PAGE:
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H.R. 84 (115th): Knife Owners’ Protection Act of 2017

Gun rights are having a huge boost recently, with Republican control of Congress and most states. What about knife rights?

Context

At least 21 states this decade have repealed or weakened laws regarding knives. And it’s not just Republican states — it includes purple or even blue states such as Colorado, Illinois, Maryland, Michigan, New Jersey, New York, and Washington.

But the biggest restriction is the 1958 Federal Switchblade Act, a prohibition on interstate travel with automatic knives such as switchblades. There are 44 states with some such travel restriction — even though many or most of those states allow such knife possession within the state itself.

What the legislation does

The Knife Owners’ Protection Act [H.R. 84 + S. 3264] would allow interstate travel with automatic knives like switchblades.

There are provisions explicitly prohibiting those who are barred from carrying such knives by law (such as certain repeat criminals), as well as restrictions on how the knives may be transported. For example, in an airplane the knives would have to be in a locked container.

The legislation was introduced in the House as H.R. 84 in January 2017 by Rep. Andy Biggs (R-AZ5), and in the Senate as S. 3264 in July 2018 by Sen. Roger Wicker (R-MS).

What supporters say

Supporters argue the bill allows for free movement of devices that are _already_legal within most states.

“The Federal Switchblade Act was an asinine idea when it was passed in 1958 in a wave of Hollywood-inspired politically motivated hysteria and has only become more irrelevant as time has passed,” Doug Ritter, chair of the advocacy group Knife Rights, said in a press release. “The majority of states have always allowed switchblade possession.”

“And with Knife Rights’ repeal of switchblade bans in 15 states in the past eight years, more than four-fifths of the states now allow switchblade possession to one degree or another,” Ritter continued. “It is way past time to repeal this law that only serves to interfere with lawful trade and commerce.”

Ritter’s quote that current restrictions were “passed in 1958 in a wave of Hollywood-inspired politically motivated hysteria” refers to laws passed after fears of knives as a result of such ’50s movies as Rebel Without a Cause and West Side Story.

GovTrack Insider was unable to locate any quotes of explicit opposition to the 2018 bill. That doesn’t necessarily mean opposition doesn’t exist, but rather more likely that the legislation isn’t appearing on would-be opponents’ radar.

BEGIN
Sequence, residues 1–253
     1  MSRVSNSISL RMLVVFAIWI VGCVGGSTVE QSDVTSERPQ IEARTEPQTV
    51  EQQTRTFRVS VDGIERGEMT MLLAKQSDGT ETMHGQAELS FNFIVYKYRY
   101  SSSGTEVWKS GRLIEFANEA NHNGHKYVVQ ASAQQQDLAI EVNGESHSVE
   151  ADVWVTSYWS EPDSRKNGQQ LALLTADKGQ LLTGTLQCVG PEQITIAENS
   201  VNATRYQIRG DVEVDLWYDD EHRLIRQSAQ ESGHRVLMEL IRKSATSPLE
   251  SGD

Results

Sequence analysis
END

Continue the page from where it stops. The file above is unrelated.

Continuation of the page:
Odds of passage

The House version has nine cosponsors, all Republicans. It awaits a potential vote in either the House Judiciary or Energy & Commerce Committees.

The Senate version does not yet have any cosponsors. It awaits a potential vote in the Senate Commerce, Science, and Transportation Committee.

A previous version was approved by Senate committee in 2015, but never received a full vote in the chamber. Interestingly, that version attracted 13 bipartisan cosponsors: seven Democrats and six Republicans. There’s no readily available explanation for why the current Senate version has no cosponsors.

A similar bill called the Interstate Transport Act [S. 1092] was approved by Senate committee in July 2018, but knife advocates fear that its protections are much weaker than the Knife Owners’ Protection Act, the bill they really want passed.

Last updated Oct 9, 2018. View all GovTrack summaries.

The summary below was written by the Congressional Research Service, which is a nonpartisan division of the Library of Congress, and was published on Jan 3, 2017.


Knife Owners' Protection Act of 2017

This bill permits an individual to transport a knife between two places (i.e., states) where knife possession, carry, or transport is legal. A knife must be securely stored during transport, unless it is an emergency knife designed to cut seat belts.

This bill prohibits the arrest or detention of an individual for a knife violation unless there is probable cause to believe the individual failed to securely store the knife during transport. An individual may assert compliance with this bill as a claim or defense in any civil or criminal proceeding.

This bill repeals provisions, commonly known as the Federal Switchblade Act, that prohibit the introduction of switchblade knives into interstate commerce. It also repeals the Ballistic Knife Prohibition Act of 1986, which prohibits the possession, manufacture, sale, or importation of a ballistic knife.

Finally, it amends the federal criminal code to eliminate two provisions—one that restricts the mailability of switchblade knives, and one that restricts the mailability of ballistic knives.